THE crux of the new national health plan (2011-20) will be focused on two main themes for the good health of the nation.
And the new health plan is to be structured to reflect the national strategic plans of the Government.
The two themes identified are improving service delivery and strengthening health systems aimed at addressing priority health issues.
That has been highlighted at the second regional two-day consultative workshop held in Goroka for the Highlands region which started yesterday.
Mark Mauludu, deputy secretary for Health, national health policy and corporate services, in his opening address outlining the purpose of the regional consultation, said the aim of the new national health plan is to make a difference to the health of the people by 2020.
Mr Mauludu said every region, province, district, stakeholder and partner by the end of day must said contribute to develop and implement the plan with pride.
The major players in implementing the health plan are the provinces and the districts, he added.
Mr Mauludu said having a single health plan is a resolution passed in this year’s national health conference.
He said the first meeting was held in Milne Bay for the Southern region and the other two regions would be covered this month.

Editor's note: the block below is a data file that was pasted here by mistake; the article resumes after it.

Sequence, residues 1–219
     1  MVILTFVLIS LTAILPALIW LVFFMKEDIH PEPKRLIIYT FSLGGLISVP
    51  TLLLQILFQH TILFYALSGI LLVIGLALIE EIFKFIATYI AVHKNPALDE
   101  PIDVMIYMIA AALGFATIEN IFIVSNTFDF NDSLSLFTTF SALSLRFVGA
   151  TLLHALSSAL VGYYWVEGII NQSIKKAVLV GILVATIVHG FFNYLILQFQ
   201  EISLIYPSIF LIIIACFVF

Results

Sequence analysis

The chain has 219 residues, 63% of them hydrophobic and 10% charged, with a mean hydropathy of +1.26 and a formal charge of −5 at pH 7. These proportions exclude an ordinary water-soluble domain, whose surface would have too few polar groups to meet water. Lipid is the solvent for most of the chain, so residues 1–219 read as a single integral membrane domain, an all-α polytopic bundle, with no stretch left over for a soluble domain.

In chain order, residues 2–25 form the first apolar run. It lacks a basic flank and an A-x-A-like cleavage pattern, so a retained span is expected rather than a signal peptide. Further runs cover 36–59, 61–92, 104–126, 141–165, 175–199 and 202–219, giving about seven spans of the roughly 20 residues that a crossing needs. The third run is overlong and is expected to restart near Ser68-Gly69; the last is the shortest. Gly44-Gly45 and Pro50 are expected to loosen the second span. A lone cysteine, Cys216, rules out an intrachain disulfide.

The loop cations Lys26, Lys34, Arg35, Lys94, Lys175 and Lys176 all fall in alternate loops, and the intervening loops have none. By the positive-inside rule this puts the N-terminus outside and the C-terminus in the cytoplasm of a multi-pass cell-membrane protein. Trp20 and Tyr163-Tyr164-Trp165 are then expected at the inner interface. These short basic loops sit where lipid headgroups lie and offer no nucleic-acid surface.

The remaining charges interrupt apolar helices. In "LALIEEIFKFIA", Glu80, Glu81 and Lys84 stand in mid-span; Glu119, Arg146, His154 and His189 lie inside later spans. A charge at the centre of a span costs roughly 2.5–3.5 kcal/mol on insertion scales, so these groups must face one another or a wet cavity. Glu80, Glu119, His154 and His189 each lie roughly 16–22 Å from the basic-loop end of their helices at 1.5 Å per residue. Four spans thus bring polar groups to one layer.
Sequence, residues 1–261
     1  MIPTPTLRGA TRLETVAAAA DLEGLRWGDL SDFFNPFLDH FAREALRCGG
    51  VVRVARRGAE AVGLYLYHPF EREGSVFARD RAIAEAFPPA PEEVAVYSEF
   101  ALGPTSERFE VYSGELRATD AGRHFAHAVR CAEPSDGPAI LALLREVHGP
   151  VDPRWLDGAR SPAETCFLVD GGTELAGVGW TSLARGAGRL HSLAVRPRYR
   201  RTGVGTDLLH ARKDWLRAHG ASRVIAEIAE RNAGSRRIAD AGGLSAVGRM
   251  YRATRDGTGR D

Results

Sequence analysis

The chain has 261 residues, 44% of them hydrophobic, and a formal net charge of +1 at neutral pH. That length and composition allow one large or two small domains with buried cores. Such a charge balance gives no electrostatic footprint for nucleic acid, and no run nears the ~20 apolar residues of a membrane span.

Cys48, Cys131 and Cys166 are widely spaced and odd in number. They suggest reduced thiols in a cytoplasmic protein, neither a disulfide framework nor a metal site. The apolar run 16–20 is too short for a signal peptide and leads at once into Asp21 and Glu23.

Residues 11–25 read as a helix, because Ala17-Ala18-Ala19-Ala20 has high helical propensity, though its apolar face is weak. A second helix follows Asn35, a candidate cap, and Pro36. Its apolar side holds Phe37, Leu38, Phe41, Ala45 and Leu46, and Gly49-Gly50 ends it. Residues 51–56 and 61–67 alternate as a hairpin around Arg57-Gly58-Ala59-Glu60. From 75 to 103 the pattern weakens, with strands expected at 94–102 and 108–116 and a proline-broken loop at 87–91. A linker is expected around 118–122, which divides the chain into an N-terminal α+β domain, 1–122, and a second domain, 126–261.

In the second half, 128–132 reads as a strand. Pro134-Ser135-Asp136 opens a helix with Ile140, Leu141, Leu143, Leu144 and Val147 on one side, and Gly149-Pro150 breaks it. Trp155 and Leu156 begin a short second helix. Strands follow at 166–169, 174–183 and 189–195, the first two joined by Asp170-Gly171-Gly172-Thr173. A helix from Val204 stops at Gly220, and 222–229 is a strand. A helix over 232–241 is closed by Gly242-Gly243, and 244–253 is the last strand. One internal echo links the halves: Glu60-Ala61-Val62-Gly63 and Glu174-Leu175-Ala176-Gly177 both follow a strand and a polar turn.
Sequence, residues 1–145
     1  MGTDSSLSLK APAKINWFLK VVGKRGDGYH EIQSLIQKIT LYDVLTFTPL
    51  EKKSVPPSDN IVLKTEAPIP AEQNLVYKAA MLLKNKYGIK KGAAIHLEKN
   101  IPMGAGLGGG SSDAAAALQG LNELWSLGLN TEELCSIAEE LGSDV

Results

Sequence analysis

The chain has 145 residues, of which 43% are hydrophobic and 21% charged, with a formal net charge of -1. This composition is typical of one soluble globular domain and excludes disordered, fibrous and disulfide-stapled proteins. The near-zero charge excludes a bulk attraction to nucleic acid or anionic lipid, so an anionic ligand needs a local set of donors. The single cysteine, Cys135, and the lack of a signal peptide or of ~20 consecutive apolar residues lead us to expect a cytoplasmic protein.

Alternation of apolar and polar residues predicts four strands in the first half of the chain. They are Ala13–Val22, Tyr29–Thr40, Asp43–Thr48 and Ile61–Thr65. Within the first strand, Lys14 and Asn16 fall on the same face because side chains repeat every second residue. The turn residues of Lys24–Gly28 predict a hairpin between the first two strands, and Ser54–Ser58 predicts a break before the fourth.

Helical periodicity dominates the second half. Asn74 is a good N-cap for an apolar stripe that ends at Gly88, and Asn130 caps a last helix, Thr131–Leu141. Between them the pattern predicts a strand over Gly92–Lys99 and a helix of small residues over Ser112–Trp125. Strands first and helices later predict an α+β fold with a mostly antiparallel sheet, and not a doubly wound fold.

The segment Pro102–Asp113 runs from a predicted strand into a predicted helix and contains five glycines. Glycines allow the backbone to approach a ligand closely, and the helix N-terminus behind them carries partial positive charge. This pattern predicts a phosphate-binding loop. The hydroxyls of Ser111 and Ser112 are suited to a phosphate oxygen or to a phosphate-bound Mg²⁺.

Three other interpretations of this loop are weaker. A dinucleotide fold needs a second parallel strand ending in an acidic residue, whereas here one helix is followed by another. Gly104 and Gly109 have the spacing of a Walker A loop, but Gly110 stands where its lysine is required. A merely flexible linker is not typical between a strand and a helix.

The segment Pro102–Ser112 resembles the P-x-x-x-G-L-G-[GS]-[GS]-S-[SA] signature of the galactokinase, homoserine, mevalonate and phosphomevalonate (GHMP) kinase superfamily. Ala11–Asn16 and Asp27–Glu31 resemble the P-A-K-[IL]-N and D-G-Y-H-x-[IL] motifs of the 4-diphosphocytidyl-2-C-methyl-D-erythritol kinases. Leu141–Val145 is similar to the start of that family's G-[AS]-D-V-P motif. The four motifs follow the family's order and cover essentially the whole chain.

“We want everyone to come out openly and share experiences and thoughts that can be considered and integrated in developing the new plan,” he added.
Elizabeth Gumbageti, the executive manager for strategic policy, said the executive management team of the Health Department is taking leadership in developing the new national health plan.
Mrs Gumbageti said the new health plan was very important that it was structured to be in-line with the national government strategic plan 2050.
“It is our role in implementing the Government policies and our health sector plan should reflect and be in line with the strategic plan and directives of the Government.”
She said the new national health plan will be lean, readable, and would come in two volumes.
The difference in the new health plan would be to focus on highest priorities in health which are HIV/STIs, tuberculosis, malaria, cancers, maternal and child health, lifestyle diseases, trauma and violence, population growth and climate change impacts.